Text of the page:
The National Institute on Aging (NIA)awarded MapHabit, a health technology (HealthTech) Atlanta startup the first place prize of the Improving Care for People with Alzheimer’s Disease and Related Dementias Using Technology (iCare-AD/ADRD) Challenge,
As the first place winning team, the company will receive the $250,000 first prize for its mobile device application that helps people with dementia follow simple commands to perform daily tasks, such as taking pills and brushing teeth. The technology also provides feedback to caregivers.
“This mobile software provides behavior prompts with customizable picture and keyword visual maps to assist memory-impaired people with accomplishing activities of daily living,” said Zola, MapHabit’s chief science officer and professor emeritus of psychiatry and behavioral sciences at Emory University.
“The care management platform employs different interfaces depending on whether the user is a person with impaired memory, caregiver, or long-term care community manager,” he said. “Caregivers can monitor adherence to medication schedules or track other activities.”
NIA is part of the National Institutes of Health (NIH)and the challenge is NIH’s first Eureka prize competition, which was included in the passage of the 21st Century Cures Act. The Eureka competition is designated for biomedical science that could realize significant advancements and/or improve health outcomes in diseases and conditions that have a disproportionately small research investment relative to expenses for prevention and treatment, represent a serious and significant disease burden, or for which there is potential for significant return on investment.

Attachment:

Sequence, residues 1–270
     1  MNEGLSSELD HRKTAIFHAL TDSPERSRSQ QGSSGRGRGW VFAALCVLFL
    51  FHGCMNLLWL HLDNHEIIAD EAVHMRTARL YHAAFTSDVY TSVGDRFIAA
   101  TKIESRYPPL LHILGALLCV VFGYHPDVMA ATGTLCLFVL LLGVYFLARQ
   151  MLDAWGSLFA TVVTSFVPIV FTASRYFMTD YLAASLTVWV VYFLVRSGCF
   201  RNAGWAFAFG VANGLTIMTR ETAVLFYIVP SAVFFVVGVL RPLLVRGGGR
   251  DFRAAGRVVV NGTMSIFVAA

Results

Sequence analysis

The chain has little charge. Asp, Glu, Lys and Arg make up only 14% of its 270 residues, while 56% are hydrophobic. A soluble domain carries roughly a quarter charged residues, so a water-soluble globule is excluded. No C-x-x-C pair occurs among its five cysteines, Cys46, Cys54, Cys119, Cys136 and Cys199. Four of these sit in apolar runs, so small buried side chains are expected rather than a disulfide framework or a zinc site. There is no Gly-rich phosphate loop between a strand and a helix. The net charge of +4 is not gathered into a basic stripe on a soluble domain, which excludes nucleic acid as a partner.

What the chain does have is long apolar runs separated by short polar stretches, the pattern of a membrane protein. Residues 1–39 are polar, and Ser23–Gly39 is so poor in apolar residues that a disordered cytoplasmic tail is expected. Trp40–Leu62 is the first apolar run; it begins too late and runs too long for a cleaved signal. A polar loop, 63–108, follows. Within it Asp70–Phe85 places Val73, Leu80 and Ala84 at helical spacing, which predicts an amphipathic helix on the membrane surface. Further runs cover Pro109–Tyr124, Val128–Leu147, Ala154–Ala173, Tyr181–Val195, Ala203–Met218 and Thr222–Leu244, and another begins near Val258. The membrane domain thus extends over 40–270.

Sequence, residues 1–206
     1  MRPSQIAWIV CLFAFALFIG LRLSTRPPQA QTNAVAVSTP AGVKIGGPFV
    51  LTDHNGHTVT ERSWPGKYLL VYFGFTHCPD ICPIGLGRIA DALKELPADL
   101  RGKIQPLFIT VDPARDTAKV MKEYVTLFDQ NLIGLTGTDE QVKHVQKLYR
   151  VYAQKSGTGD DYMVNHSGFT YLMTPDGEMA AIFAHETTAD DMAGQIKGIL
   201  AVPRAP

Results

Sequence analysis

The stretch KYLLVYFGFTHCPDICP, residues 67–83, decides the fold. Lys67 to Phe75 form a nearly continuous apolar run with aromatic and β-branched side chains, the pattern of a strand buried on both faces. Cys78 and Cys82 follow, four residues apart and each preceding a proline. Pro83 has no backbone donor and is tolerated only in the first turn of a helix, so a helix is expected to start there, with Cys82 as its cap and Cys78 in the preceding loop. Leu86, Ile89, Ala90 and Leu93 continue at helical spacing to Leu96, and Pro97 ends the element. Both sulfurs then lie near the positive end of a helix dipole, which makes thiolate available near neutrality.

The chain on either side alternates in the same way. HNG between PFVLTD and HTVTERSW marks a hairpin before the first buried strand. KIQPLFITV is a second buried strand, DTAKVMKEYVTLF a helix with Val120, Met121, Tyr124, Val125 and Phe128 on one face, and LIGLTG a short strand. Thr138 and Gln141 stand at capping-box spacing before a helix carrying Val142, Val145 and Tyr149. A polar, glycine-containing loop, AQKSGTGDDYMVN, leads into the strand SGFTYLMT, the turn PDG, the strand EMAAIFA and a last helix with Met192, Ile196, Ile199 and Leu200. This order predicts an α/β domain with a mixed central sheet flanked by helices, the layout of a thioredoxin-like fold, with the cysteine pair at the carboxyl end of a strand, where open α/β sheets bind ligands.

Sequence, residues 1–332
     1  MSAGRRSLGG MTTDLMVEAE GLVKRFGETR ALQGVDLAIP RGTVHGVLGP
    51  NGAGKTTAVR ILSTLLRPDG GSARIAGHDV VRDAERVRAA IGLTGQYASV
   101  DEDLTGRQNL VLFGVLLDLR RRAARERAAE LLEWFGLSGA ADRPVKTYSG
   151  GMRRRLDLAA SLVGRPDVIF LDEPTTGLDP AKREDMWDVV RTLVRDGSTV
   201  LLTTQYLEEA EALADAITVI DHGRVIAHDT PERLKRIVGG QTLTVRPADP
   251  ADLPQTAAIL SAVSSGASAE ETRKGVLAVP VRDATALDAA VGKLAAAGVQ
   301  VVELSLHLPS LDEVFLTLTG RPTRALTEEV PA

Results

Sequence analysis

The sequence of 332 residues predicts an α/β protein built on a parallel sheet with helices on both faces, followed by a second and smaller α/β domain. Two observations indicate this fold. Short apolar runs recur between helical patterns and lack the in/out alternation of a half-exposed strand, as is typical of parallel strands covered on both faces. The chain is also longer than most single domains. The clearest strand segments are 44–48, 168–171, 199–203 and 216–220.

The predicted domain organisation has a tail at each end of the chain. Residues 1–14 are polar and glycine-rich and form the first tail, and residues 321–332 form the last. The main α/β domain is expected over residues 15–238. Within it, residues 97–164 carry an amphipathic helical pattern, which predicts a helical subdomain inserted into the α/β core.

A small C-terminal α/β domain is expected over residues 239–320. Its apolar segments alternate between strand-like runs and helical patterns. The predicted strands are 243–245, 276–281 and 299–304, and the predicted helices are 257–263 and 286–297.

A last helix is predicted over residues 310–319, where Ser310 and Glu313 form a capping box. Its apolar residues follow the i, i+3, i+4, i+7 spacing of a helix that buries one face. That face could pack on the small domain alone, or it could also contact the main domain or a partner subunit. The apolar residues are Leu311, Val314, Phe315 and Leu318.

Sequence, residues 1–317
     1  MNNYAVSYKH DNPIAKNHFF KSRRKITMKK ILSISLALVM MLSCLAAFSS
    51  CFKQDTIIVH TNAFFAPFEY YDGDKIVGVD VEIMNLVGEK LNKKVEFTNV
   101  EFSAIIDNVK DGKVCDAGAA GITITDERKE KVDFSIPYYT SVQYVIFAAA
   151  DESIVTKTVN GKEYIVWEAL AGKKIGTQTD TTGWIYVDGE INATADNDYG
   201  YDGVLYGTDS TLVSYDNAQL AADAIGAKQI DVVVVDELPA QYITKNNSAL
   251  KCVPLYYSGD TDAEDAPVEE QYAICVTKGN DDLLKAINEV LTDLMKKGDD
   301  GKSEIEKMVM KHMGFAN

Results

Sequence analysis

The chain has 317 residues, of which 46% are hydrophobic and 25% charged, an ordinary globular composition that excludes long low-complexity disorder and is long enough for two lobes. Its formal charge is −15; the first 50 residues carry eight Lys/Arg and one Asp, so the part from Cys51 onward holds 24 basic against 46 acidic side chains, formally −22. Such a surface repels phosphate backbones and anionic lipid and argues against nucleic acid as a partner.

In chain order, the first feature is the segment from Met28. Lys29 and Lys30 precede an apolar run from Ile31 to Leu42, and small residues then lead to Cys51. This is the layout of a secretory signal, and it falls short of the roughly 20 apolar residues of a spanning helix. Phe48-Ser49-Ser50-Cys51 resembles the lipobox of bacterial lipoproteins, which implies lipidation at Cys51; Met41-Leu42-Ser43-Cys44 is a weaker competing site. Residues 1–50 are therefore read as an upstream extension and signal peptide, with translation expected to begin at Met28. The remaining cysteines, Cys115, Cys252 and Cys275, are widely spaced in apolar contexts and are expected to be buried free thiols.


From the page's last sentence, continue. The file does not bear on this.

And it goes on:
“The intent of this challenge was to spur technological innovations so that the overall quality of dementia care could be improved,” said NIA Director Dr. Richard J. Hodes. “By enabling more effective management of dementia care overall, we anticipate that such innovations could have the potential to improve the quality of life of those living with dementia.”
An estimated 5.6 million Americans age 65 or older are living with Alzheimer’s disease, and thousands more live with related disorders such as frontotemporal, vascular, Lewy body, and other dementias. Because the care of people with these diseases is complex and can involve multiple care settings, care providers, and interventions, new technologies offer the potential for aiding people in the care spectrum, including people with dementia, professional and family caregivers, health care providers, and health care service organizations.
As part of the challenge, NIA received 33 applications for mobile device applications or web-based methods that could help people coordinate and/or navigate the care of dementia. Applicants could either develop new technology applications or make improvements to existing apps. Applications were submitted by both individuals and teams, including researchers from the field of aging and other individuals, start-up companies, and biotechnology firms.
The judging was based on five criteria: creativity and innovation, rationale and potential impact, value to relevant stakeholders, usability, and functionality and feasibility. The winners shared a total of $400,000 in cash prizes.